The Tomato Bisque Soup Club

How it came about

The Tomato Bisque Soup Club

The Tomato Bisque Soup Club

I remember my mom would fix us tomato soup when we were not feeling well, and I would sit and draw. The Tomato Bisque Soup Club is my version of that combination of comfort food and creative expression, for those who don’t feel so good and need some spiritual healing by sipping warm soup and painting life’s stories. The arts are often an expression of something that cannot be spoken, only painted, or sung, or danced, or written.

The idea of the Tomato Bisque Soup Club grew from my mother’s early example, and from painting with her in hospice near the end of her life. I set up the materials for watercolor painting and she created works of art while I asked her about memories and feelings. Through painting she participated in living while expressing her final thoughts. These 20-minute sessions with her were priceless.

My experience with my mother led me to volunteer with hospice patients, and to develop workshops for people dealing with illness, loss, or a challenging transition. We started calling this the Tomato Bisque Soup Club from my emphasis on food as a comforting element of hospitality. It has been a privilege painting with others (adults and children) as we sit on a patio or at a bedside or café. We paint simple symbols that express our hopes and dreams to the One that can bring us healing and joy.

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Cover of Painting for the Journey

Cover of Painting for the Journey (click image to download brochure)

  • Painting for the Journey: The original version of this brochure was designed for a workshop on grieving which Linda White and I taught at the 2011 Call to Action conference in Milwaukee. The participants were looking for avenues of helping people, and resources to take back to their parishioners. During the workshop we made cards, painted with watercolor and watercolor pencils, wrote sayings and folded them into sculpture. The brochure describes how “[y]ou can learn to be a healing presence using watercolor to help bring forth memories and feelings.”
    • Download: Painting for the Journey (2-page PDF, approx. 255 KB; formatted as a trifold brochure in landscape orientation)
  • Classes, workshops, and retreats can be designed to focus on the “inward journey” while teaching real artistic technique. The process is gentle and unburdened by critique or artistic expectation. We take some time to get grounded, be silent, and allow the Spirit to talk to us, reconnecting with what is important in life. We tell our stories through activities such as watercolor painting, watercolor journal making, papermaking, and fabric painting. These can take place at retreat centers, church basements, or other locations. You can find scheduled activities on the Classes and Events page, or let me know if you have a suggestion for a class or workshop to offer in your area (email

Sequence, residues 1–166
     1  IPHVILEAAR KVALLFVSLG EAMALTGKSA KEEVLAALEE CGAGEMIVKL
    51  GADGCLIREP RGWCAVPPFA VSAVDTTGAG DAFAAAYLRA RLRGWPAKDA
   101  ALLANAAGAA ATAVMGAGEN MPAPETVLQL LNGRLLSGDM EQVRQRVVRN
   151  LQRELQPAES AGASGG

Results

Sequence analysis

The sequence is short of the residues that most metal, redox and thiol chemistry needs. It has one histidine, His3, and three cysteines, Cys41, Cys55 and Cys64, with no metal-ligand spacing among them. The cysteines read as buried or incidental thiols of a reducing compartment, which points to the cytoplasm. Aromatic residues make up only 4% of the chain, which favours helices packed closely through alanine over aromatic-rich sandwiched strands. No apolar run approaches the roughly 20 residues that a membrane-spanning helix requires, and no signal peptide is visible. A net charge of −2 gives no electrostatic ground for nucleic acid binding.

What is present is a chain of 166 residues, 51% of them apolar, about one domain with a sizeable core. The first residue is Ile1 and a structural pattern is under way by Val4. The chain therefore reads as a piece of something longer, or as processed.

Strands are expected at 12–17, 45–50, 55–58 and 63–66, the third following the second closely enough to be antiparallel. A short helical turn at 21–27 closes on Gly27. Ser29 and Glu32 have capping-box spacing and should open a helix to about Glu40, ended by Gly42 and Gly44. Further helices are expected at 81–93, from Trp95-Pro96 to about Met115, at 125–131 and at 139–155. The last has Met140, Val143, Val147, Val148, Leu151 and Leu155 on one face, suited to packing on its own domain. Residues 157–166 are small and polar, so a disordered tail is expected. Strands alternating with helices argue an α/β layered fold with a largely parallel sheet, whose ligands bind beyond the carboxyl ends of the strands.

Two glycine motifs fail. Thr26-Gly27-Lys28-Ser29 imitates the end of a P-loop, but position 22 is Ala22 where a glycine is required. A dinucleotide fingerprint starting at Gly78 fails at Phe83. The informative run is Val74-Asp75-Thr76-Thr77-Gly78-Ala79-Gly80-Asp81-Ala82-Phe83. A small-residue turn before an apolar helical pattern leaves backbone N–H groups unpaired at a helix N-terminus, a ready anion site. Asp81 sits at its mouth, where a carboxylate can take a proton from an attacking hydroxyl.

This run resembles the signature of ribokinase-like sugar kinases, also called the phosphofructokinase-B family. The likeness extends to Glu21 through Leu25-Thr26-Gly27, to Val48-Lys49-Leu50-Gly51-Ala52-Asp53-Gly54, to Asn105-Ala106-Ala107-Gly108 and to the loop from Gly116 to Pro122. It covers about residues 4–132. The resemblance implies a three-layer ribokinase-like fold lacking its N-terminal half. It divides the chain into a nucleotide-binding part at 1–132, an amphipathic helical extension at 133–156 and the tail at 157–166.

Cover of Creative Retreats in Full Color brochure

    Creative Retreats in Full Color (revised May 2014; click image to download brochure)

    I can also work with you to develop a retreat especially for your group, whether you are facing a particular challenge or would simply like an opportunity for creative relaxation and renewal. Retreats are usually half a day or longer. Starting with your objectives for the day, we can plan how to accomplish them through art, music, and good food. I can lead a retreat myself or collaborate with my colleagues, depending on the interests and needs of the group members. The brochure (linked below) provides information on planning a retreat and some examples of activities you might include.

    • Download (revised May 2014): Creative Retreats in Full Color: Using Your Creativity to Transform Your Life (2-page PDF, approx. 481 KB; formatted as a four-panel brochure in landscape orientation, 8.5″ x 14″ — fold in half, then in half again)

    Please contact me (email if you’re interested in an event for your group.

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Important note: I’m not a professional therapist or counselor. The Tomato Bisque Soup Club is meant to help people illustrate their thoughts and express their feelings within a manageable range of normal human emotion. Although I believe art can be a conduit for spiritual healing, I would recommend for anyone in great distress to first contact their spiritual advisor or a mental health professional for assistance. Catholic Charities has been very helpful to me – their services are available to anyone, on a sliding fee scale.

Contacting Catholic Charities:

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Photos of workshops and retreats

Folks taking time out for healing reflection and laughter.

Enjoying each other's company while grieving a terminal illness

Enjoying each other’s company
while grieving a terminal illness

Co-workers on retreat, rejuvenating

Co-workers on retreat, rejuvenating so they can further give to their clients. Pictured: washing each other’s hands as a sign of caring for each other.

Spiritual retreat participants sculpting themselves in clay

Spiritual retreat participants sculpting themselves, starting from a flat figure and adding clay to develop who they want to become

Survivors celebrating life

Cancer survivors celebrating life,
wearing “bras” made from shoulder pads

Painting postcards to send their loved ones

Connecting to family and friends through art, painting postcards to send their loved ones. People can paint even with various limitations.

Painting postcards to her grandchildren

Arlene painting postcards to her grandchildren

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